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Eleanor Roosevelt endures not only as the longest-serving American First Lady, but also as one of history’s most politically impactful, a fierce champion of working women and underprivileged youth. But her personal life has been the subject of lasting controversy.

In the summer of 1928, Roosevelt met journalist Lorena Hickok, whom she would come to refer to as Hick. The thirty-year relationship that ensued has remained the subject of much speculation, from the evening of FDR’s inauguration, when the First Lady was seen wearing a sapphire ring Hickok had given her, to the opening up of her private correspondence archives in 1998. Though many of the most explicit letters had been burned, the 300 published in Empty Without You: The Intimate Letters Of Eleanor Roosevelt And Lorena Hickok (public library) — at once less unequivocal than history’s most revealing woman-to-woman love letters and more suggestive than those of great female platonic friendships — strongly indicate the relationship between Roosevelt and Hickok had been one of great romantic intensity.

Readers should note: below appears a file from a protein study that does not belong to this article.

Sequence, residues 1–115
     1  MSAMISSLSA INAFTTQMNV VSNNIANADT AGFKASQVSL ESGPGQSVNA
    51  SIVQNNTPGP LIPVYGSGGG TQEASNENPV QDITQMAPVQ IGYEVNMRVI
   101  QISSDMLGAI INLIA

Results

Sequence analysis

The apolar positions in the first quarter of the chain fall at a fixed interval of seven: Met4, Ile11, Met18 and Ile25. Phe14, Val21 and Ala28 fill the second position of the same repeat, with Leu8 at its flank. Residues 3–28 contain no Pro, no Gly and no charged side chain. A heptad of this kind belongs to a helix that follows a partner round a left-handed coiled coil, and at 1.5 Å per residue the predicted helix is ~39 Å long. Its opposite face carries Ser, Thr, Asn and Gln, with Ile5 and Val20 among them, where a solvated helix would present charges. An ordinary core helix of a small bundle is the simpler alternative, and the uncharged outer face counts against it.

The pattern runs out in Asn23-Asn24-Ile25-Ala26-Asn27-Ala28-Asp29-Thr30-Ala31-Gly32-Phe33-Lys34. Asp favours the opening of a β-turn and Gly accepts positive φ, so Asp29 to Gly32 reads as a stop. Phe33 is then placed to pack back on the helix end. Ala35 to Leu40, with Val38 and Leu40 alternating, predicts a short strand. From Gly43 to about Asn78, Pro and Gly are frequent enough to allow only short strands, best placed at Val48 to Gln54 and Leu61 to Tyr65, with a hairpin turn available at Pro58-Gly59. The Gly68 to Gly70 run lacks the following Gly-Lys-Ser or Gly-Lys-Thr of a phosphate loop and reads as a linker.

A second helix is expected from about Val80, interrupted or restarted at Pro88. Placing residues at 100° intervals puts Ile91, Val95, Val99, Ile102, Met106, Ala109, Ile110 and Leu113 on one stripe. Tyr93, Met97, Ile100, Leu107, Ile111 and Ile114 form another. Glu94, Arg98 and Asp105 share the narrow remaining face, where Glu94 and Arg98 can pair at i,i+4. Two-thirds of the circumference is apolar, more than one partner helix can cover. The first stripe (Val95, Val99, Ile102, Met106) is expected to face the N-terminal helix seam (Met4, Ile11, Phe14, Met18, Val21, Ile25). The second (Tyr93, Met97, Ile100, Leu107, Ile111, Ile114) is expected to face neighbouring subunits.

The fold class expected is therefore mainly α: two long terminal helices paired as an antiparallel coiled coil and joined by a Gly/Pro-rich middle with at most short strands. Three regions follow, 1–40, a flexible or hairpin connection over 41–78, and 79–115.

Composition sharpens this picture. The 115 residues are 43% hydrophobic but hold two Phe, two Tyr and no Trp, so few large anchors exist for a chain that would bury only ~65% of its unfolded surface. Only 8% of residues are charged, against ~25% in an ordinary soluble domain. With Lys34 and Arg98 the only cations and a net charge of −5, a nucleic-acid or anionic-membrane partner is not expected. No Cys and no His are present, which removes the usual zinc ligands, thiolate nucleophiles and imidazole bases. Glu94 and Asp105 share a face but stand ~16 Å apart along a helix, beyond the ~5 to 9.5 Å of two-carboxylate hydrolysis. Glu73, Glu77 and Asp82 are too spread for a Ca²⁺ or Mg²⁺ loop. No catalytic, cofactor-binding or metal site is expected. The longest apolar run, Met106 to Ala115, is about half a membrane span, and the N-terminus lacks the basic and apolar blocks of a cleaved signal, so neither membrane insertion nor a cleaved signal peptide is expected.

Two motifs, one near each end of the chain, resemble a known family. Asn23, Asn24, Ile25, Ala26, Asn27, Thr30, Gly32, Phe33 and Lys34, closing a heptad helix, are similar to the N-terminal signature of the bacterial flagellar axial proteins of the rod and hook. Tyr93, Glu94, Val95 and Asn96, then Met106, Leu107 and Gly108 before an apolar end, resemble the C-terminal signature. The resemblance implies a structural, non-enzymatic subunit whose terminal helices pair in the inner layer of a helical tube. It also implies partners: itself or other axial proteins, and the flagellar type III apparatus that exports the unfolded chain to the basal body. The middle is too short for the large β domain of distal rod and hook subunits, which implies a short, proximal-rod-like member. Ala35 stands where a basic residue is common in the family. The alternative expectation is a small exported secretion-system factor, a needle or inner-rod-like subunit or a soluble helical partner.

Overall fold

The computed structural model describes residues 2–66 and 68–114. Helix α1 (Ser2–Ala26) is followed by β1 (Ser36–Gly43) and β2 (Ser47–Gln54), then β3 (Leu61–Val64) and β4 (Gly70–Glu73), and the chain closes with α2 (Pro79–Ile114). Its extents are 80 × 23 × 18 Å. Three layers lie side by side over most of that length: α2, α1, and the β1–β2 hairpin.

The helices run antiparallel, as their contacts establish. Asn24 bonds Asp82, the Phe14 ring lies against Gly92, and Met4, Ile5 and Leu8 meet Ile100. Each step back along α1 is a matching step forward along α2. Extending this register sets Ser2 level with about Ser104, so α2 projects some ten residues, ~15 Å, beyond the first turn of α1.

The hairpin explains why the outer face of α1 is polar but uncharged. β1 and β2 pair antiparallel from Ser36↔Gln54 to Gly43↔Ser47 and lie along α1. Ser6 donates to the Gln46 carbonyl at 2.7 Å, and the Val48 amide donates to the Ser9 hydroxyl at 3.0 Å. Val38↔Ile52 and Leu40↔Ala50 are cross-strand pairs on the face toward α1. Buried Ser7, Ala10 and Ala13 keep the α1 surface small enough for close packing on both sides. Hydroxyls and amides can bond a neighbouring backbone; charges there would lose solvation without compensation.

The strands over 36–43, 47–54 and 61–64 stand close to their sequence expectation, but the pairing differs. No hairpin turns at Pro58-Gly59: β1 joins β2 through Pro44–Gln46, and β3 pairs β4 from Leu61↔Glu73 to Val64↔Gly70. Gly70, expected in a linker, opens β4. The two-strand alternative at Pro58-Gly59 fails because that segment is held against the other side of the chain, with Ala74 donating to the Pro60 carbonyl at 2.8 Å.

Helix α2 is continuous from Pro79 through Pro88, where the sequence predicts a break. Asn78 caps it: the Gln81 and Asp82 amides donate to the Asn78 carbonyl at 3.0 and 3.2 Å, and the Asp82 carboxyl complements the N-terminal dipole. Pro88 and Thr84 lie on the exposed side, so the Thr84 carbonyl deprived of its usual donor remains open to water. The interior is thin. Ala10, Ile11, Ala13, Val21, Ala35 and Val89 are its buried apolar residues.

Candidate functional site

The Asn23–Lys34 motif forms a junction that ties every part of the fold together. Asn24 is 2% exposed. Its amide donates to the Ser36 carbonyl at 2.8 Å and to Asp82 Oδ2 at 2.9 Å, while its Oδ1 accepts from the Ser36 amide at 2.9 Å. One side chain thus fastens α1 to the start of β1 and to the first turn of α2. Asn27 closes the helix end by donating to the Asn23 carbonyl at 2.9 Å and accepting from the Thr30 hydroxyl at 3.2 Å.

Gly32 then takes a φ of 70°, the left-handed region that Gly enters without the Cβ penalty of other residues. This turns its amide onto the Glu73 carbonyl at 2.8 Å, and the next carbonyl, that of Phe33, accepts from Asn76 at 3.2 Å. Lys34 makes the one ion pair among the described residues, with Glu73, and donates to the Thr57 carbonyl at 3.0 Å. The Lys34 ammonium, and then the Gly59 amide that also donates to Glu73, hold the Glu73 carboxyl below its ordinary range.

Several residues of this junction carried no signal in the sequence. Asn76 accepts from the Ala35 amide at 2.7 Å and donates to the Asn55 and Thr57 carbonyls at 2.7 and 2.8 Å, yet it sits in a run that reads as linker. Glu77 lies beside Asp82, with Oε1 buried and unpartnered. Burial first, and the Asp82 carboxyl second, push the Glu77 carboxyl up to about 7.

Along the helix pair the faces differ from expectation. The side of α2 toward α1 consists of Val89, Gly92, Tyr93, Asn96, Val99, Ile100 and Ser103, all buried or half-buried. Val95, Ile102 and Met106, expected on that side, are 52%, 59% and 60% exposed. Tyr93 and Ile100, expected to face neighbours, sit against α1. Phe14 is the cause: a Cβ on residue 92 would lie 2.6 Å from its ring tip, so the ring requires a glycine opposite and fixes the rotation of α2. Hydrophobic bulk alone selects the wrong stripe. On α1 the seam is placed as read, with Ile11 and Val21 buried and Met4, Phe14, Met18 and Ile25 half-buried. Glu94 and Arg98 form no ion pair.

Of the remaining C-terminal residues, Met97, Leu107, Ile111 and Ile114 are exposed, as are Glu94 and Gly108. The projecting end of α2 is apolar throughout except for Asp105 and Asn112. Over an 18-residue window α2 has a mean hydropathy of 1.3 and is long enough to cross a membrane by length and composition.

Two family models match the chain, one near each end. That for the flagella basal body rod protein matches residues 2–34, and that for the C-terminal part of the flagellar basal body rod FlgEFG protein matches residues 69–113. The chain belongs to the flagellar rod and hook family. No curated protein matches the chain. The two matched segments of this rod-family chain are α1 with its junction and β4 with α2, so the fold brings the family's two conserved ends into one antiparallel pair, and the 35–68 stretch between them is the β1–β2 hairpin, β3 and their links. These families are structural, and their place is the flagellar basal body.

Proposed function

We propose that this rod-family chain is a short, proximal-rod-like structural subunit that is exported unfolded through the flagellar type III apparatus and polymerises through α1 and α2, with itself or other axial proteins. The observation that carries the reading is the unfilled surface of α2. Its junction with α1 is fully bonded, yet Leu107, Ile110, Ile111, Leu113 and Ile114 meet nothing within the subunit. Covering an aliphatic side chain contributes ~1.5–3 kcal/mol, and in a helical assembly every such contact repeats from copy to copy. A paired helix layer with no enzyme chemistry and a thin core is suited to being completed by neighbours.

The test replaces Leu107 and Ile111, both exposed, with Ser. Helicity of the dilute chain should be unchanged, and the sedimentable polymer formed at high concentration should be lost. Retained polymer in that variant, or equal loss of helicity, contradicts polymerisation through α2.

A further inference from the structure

On March 5, 1933, the first evening of FDR’s inauguration, Roosevelt wrote Hick:

“Hick my dearest–I cannot go to bed tonight without a word to you. I felt a little as though a part of me was leaving tonight. You have grown so much to be a part of my life that it is empty without you.”

Then, the following day:

“Hick, darling. Ah, how good it was to hear your voice. It was so inadequate to try and tell you what it meant. Funny was that I couldn’t say je t’aime and je t’adore as I longed to do, but always remember that I am saying it, that I go to sleep thinking of you.”

And the night after:

“Hick darling, all day I’ve thought of you & another birthday I will be with you, & yet tonite you sounded so far away & formal. Oh! I want to put my arms around you, I ache to hold you close. Your ring is a great comfort. I look at it & think “she does love me, or I wouldn’t be wearing it!”

And in yet another letter:

“I wish I could lie down beside you tonight & take you in my arms.”

Hick herself responded with equal intensity. In a letter from December 1933, she wrote:

“I’ve been trying to bring back your face — to remember just how you look. Funny how even the dearest face will fade away in time. Most clearly I remember your eyes, with a kind of teasing smile in them, and the feeling of that soft spot just north-east of the corner of your mouth against my lips.”